The following articles come from a book by James Montgomery Boice, Acts: An Expositional Commentary (Grand Rapids, MI: Baker Books, 1997), 319–326.
After an investment of time like that, what were the results? In contemporary terms we would say that we have examined Paul’s goals and studied his strategy; now we want a period of evaluation. What happened? There were many blessings.
A church was established.
This has been Paul’s strategy from the beginning, not only here but in every city he visited. He had worked for this from early in his missionary travels: first, fixing Ephesus in his mind as a promising place for a church; second, conducting a preliminary study, a reconnaissance; then, third, actually launching and continuing the work. And he succeeded. The church was established and continued strong for centuries, long after Paul had left.
There were miracles as the power of God was seen.
The miracles were not done first to attract people, which is what some are saying should be done today. Rather, the preaching of the Word came first, God blessed the Word, and then the miracles followed—in this case through Paul, as God authenticated his message.
There were changes in the lives of the believers.
Many of them had been involved in the occult, as I indicated. But as the gospel was preached and the lordship of Jesus Christ emphasized, the believers saw that it was not possible for them to confess Jesus as Lord and still cling to their occult practices. They could not keep one foot in the church and the other in the world. So they repented of that sin (v. 18) and then brought their occult objects together and had them destroyed, particularly the magic scrolls that contained incantations.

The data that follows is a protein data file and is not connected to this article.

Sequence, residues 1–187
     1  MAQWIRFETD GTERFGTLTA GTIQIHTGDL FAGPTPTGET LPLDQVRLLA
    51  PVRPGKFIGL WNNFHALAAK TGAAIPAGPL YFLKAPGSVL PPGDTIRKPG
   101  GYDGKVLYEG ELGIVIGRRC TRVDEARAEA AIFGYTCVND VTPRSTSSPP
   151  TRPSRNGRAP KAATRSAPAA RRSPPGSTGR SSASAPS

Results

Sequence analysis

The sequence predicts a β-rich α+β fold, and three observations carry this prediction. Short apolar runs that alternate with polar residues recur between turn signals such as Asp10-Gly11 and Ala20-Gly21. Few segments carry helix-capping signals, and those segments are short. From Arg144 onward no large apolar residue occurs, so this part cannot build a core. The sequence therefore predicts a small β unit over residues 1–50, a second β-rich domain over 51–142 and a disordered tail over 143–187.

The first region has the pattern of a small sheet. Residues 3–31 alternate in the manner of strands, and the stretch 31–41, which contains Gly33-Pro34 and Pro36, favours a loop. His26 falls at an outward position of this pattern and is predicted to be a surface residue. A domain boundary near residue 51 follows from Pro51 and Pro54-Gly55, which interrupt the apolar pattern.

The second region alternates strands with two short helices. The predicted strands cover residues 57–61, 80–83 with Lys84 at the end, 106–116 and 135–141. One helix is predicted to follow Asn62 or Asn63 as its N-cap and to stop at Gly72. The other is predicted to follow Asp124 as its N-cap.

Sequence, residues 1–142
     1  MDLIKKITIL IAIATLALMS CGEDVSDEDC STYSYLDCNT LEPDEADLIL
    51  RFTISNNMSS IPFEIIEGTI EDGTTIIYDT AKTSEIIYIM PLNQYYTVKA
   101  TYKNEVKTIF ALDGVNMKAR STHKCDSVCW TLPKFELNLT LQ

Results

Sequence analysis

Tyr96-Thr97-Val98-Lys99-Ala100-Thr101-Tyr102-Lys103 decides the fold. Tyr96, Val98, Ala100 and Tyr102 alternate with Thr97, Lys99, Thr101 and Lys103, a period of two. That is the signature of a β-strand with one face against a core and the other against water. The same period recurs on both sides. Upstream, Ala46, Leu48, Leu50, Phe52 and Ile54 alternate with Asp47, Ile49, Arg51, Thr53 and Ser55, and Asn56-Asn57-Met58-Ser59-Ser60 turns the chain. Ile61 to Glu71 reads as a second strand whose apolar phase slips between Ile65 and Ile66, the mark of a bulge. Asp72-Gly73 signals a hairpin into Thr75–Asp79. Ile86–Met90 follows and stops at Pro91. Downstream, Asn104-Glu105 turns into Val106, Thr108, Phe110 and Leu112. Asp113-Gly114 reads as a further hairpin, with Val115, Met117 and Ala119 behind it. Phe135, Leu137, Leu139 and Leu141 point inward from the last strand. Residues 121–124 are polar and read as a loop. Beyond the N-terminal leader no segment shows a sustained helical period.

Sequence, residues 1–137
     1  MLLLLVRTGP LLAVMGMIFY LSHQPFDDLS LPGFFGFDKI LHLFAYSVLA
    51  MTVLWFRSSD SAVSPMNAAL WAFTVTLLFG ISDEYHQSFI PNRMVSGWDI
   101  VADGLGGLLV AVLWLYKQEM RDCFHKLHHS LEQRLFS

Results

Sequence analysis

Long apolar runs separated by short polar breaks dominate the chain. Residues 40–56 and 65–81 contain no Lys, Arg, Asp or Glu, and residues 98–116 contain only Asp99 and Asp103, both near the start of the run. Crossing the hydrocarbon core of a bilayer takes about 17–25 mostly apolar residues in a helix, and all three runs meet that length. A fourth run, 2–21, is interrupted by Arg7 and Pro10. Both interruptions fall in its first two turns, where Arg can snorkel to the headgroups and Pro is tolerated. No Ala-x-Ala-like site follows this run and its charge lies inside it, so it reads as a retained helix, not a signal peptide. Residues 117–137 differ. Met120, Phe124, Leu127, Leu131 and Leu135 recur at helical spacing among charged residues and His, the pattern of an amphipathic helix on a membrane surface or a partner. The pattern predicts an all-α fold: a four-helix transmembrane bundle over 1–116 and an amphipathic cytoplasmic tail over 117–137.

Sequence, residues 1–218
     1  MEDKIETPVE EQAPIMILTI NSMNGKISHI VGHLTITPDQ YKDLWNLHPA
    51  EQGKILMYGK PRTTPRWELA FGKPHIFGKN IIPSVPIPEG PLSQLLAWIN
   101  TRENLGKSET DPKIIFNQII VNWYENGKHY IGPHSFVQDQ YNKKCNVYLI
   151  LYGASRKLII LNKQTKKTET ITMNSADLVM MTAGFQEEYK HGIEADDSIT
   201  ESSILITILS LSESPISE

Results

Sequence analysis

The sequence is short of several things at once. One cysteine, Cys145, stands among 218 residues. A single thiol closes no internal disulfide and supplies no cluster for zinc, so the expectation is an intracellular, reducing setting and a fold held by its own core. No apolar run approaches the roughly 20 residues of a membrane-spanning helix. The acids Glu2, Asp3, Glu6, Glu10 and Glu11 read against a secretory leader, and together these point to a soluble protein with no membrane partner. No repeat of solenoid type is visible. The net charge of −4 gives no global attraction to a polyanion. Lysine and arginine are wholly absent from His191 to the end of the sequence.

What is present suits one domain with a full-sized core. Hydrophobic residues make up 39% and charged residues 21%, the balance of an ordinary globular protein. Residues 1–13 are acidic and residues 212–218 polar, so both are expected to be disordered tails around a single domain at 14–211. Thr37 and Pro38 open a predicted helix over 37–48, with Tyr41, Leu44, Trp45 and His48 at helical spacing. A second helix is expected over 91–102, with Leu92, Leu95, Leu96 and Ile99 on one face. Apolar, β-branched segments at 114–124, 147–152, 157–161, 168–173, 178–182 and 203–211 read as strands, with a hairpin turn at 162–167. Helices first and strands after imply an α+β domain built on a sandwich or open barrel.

Luke puts the value of the objects at fifty thousand drachmas. A drachma was a day’s wage. So if we can assume that a day’s wage in the United States in our time is roughly a hundred dollars (annual income $25,000), the equivalent of fifty thousand drachmas would be about five million dollars in our currency. That may be a high estimate, but by any estimate it was a large sum of money. What these Christians did as they heard the gospel and came to understand what they owed to Jesus Christ was to “lay it on the line,” as we would say. Anything in their lives that was holding them back or indicated a divided allegiance was rejected.
If you have something in your life like that, it is important that you get rid of it. If there is something you are hanging on to and do not want to give up but you know is inconsistent with your following after Jesus Christ, you need to get rid of it, as these Ephesian Christians did.
“The word of the Lord spread widely and grew in power” (v. 20).
I link that verse with verse 10, which says that as a result of Paul’s teaching in the lecture hall of Tyrannus for two years, “all the Jews and Greeks who lived in the province of Asia heard the word of the Lord.” There is a difference between those two sentences. As a result of Paul’s consistent teaching, everybody heard the gospel. But that is not the same thing as saying that the people who heard believed. However, verse 20 tells us that when the Christians really “laid it on the line,” the Word of the Lord not only spread widely but also “grew in power.” It was at this point that the people of Asia not only heard the gospel but also believed it and began to follow Christ. What happened in Ephesus should be a challenge for Christians in cities everywhere.
James Montgomery Boice, Acts: An Expositional Commentary (Grand Rapids, MI: Baker Books, 1997), 319–326.